January 1, 2022 Lectionary Texts — Year A
Isaiah 63:7-9 • Psalm 148 • Hebrews 2:10-18 • Matthew 2:13-23
Image description: The realistic scene is a vast desert landscape, perhaps along the sea judging from what look like two waves hitting a shore off in the distance. It is night, though all is quite well lit. Exhausted from travel, Joseph lies sleeping on the sand next to a small campfire which emits a single thin stream of smoke. A tethered donkey next to him forages a patch of grass in the sand. A saddle sits by the stake. Not far away, Mary and a brightly illuminated baby Jesus peacefully slumber in the nook of a large Egyptian sphinx statue. The sphinx gazes up into the dark sky where a few stars can be seen.
So let me remind you of the Eternal’s enduring love, and why we should praise Him. Let me tell you again how the Eternal gives and gives and gives. All God’s wonders and goodness are done for Israel’s benefit according to His great mercy and compassion.
Eternal One: Surely, these are My people, and they will be true to Me. My children will not try to deceive Me.
And indeed, God became their Savior. And when they suffered, God suffered too; and the messenger of His presence acted to save them. Out of enduring love, compassion, and concern, God Himself rescued them. Through all those years long ago, God picked them up and carried them through. — Isaiah 63:7-9
After the wise men left, a messenger of the Lord appeared to Joseph in a dream.
Messenger of the Lord (to Joseph): Get up, take the child and His mother, and head to Egypt. Stay there until I tell you it is safe to leave. For Herod understands that Jesus threatens him and all he stands for. He is planning to search for the child and kill Him. But you will be safe in Egypt.
So Joseph got up in the middle of the night; he bundled up Mary and Jesus, and they left for Egypt. — Matthew 2:13-14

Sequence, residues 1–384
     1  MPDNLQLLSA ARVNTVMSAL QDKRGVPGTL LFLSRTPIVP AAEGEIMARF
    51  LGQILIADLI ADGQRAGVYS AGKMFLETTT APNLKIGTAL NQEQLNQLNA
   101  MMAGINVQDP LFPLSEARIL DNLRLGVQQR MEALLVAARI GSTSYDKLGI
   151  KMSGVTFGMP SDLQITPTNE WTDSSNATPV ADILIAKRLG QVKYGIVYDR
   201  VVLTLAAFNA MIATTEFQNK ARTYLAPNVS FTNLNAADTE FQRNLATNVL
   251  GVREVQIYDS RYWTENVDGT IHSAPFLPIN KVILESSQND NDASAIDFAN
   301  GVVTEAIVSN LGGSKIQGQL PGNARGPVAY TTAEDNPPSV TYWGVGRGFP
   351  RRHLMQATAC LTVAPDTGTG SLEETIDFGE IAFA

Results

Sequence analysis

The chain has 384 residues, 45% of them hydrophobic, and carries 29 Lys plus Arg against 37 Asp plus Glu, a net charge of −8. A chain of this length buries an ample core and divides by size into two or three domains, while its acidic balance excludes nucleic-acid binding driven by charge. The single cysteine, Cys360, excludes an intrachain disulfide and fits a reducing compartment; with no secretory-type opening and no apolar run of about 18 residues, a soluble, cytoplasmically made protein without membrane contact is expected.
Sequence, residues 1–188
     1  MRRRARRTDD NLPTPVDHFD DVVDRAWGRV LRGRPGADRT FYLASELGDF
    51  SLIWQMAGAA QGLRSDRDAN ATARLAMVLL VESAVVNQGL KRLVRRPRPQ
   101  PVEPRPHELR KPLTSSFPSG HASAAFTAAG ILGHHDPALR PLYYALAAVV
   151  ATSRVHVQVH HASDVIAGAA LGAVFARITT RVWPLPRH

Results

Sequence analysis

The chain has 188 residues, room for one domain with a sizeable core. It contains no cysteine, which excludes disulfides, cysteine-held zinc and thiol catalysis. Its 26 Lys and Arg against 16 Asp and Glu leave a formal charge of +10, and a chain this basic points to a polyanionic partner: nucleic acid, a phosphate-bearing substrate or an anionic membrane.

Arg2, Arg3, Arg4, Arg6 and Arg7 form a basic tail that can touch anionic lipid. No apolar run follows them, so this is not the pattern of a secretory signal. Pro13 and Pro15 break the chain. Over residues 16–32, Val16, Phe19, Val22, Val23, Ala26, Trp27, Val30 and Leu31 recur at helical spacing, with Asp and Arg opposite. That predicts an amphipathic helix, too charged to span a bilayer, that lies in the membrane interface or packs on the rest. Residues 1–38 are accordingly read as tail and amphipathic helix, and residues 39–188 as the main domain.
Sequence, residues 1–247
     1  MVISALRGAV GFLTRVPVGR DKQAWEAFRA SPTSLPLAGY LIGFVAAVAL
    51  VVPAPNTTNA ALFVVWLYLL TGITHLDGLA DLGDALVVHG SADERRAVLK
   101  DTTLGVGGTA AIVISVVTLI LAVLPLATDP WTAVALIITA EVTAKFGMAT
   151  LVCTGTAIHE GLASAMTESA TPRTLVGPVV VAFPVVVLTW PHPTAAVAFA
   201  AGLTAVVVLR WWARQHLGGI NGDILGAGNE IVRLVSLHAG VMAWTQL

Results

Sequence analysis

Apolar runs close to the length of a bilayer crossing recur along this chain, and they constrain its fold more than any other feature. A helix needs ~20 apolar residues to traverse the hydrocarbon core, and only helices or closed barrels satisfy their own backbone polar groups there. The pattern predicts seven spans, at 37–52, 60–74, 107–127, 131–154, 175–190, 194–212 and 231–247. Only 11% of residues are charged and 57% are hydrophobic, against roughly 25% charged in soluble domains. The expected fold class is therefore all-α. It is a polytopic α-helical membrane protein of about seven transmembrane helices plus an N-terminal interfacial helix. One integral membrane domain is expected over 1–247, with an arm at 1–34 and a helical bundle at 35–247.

Romantic as it is, artist Luc Olivier Merson provides for us a welcome variation on the classic Western depiction of Joseph leading the donkey carrying Mary and Jesus on their late night trip from Israel to Egypt. Merson was intrigued enough with this subject that he painted four different versions of it (two more are featured below) — each differing in the lighting.
The Isaiah passage references God’s rescue and even the assistance of a messenger. I like Merson’s painting in that it provides us a realistic-ish vision of such a rescue. We have a practice of turning the stories around Jesus birth into adorable vignettes — Rest on the Flight into Egypt pushes back. Merson presents a family in exhaustion. The way Joseph’s arm rests across his head hints at the stress of the ordeal: fleeing at night, extensive travel and nothing prearranged for their arrival in Egypt. I remember traveling with my children when they were small — even with much preparation the journey was challenging.
Practicing Visio Divina:
- View the artwork
What do you see?
Note shapes – color – style – movement
What stands out for you?
What are you curious about?
What questions do you have?
Hold back any feelings – judgments – opinions
- Read the accompanying scripture and look over the artwork again
What connections do you make?
Between the image and text?
What is coming to mind from your own experience?
What feelings are rising in you?
Are you uncomfortable with something?
There are no right or wrong answers
- Read the scripture again and explore the artwork a third time
What do you hear?
What is God saying to you?
What do you wish to speak to God?
What blessing or prayer is rising in you?